When we arrived at Nopa – and yes, if you’re downtown a taxi is totally necessary – we were welcomed into a warm environment where community was clearly intrinsic to the philosophy of the restaurant. A large community table is situated by the bar, and the places there quickly filled in with diners and drinkers who shared easy smiles and exchanged hearty, “hellos!”

Matt and I chose to sit at the Chef’s Table, which looks directly into the kitchen. As colleagues, we could “talk shop” all dinner long. Sitting in this place, however, at this time, we were able to engage with the sous chef and talk about … what else … food and our love of it.

Rather than stick to a traditional dinner, we jumped right into the community atmosphere of Nopa. We got twice the bang for the buck by agreeing on two appetizers and two entrees and sharing them between us. Matt chose the flatbread with bacon and shallots. I chose the giant white beans, tomato, feta, oregano and breadcrumbs. Both the flatbread and the beans were baked in a wood-fired brick oven.

Now, those of you who know me know one thing: I don’t like bacon. Yes, I eat pork. Yes, I LOVE sausage. I really just don’t care for bacon. As we were watching the flatbreads come from the oven, I found that I couldn’t resist and I was glad that Matt had ordered one up. It was divine. The bacon was perfectly done – not too crisp, not too limp — and full of amazing flavor. The sweet tang of shallot complemented the meaty pork. And the finish of olive oil made it just perfect. My, oh, my! (Another Usher reference.)

My giant white bean bake (for lack of the better descriptor) hit me in my giant comfort food spot. Simple and beautiful; warm and thick; aromatic and bubbly, the dish came straight from the brick oven. While I know we’d agreed to share our dishes, I was a little sore that I’d promised to share this one. It was the kind of dish that you eat a little too quickly because you’re afraid someone might take it away.

For the entrée, Matt ordered the grilled pork chop and I ordered the 9-hour Bolognese with house-made pappardelle. Let me be clear: The pork chop was the way to go.

Way too often, whether I’m at home or in a restaurant, pork is always overdone. A little too white all the way through; a little too dry.

At Nopa, the grilled pork chop, which had to be at least an inch and a half thick, is just a little pink in the middle and juicy. So juicy, in fact, you’d think they injected the chop with jus. But no, the pork chop is simply a superstar example of perfectly grilled meat. It brings out the Fred Flinstone in the daintiest woman; it speaks to the unapologetic carnivore within; it makes you want another portion even though you know it’s preposterous.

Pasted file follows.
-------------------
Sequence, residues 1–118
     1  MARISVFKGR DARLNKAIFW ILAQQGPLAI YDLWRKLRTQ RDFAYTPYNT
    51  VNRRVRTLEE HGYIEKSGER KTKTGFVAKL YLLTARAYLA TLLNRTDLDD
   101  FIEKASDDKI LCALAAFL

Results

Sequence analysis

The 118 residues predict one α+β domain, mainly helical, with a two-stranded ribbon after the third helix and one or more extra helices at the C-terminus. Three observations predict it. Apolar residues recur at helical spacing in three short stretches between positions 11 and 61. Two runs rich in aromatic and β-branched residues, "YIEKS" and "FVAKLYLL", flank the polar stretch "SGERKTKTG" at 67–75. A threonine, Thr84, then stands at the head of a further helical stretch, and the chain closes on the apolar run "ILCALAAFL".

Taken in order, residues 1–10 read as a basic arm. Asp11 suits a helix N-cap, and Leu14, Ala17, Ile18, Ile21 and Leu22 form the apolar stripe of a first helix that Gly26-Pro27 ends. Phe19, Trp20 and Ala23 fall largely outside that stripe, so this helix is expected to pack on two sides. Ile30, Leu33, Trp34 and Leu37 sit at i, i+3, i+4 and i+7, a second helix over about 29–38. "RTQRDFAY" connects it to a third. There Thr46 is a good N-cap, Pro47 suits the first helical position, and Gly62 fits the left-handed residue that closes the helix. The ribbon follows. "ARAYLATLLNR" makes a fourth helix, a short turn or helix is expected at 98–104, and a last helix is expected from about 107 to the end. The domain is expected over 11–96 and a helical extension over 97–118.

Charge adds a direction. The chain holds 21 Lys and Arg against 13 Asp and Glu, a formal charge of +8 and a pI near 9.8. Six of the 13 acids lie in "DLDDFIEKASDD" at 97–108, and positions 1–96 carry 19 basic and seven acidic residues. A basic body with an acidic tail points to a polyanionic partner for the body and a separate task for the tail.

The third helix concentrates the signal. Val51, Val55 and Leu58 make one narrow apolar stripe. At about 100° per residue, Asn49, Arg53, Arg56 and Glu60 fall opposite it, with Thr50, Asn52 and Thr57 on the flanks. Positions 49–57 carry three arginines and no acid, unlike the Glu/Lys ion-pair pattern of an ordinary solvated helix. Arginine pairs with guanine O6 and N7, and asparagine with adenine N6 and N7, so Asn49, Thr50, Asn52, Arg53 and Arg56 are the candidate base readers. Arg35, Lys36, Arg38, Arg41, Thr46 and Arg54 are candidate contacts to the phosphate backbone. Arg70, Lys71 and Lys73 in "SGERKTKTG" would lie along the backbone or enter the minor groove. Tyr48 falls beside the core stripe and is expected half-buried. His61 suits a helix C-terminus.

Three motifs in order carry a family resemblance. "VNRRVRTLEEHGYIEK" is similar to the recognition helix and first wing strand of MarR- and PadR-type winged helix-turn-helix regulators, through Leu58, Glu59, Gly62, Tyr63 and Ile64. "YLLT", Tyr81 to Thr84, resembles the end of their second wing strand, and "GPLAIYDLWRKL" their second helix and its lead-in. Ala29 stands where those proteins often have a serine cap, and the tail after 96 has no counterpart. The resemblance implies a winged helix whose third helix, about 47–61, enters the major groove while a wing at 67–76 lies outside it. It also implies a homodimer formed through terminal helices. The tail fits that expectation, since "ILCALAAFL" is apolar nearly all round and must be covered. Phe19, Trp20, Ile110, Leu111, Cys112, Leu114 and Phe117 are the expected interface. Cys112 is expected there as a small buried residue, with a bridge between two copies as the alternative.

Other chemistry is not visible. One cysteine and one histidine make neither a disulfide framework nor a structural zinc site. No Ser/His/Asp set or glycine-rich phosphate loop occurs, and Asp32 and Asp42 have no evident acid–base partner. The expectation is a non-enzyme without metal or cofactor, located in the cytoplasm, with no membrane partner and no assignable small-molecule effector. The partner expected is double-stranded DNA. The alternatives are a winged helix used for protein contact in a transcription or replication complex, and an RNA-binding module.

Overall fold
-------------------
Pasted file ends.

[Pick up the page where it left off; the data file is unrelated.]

My Bolognese was good. Very good, in fact. But I really wanted my very own pork chop. And one to go!

The evening of incredible food, communal dining, and awesome people (my colleague, our cool and edgy waitress, the sous chef, and the patrons on either side of us) created an experience that was at once chic and unselfconscious. My soul was in the San Francisco swing of things, singing out in happy, hippy, poetic tones that felt like the shining sun.

Nopa on Urbanspoon

San Francisco is my heaven, and I’m so lucky to have been there time and time again. I feel like a better, brighter version of me came home. For me, that feeling comes from the meals I shared, the people I met, the adventure I charted for myself and the beautiful music that the whole experience created within my soul.

I wish I could share the happy song I hear with all of you; but, I’m tone deaf. So please, go find – or revisit – your heaven, venture into a new place, chat up the folks next to you, engage your waiter or waitress, listen closely to what happens in your soul, and Eat It, St. Louis!

* Thank you to Paul and Kimberly, a Facebook friend and Twitter follower respectively, who guided me to great places in San Francisco. I love social media and how it enables people with similar interests to connect and share. Thank you for pulling your chairs up to my table and being part of the conversation. Without you, this post would have been only half as long … and half as interesting!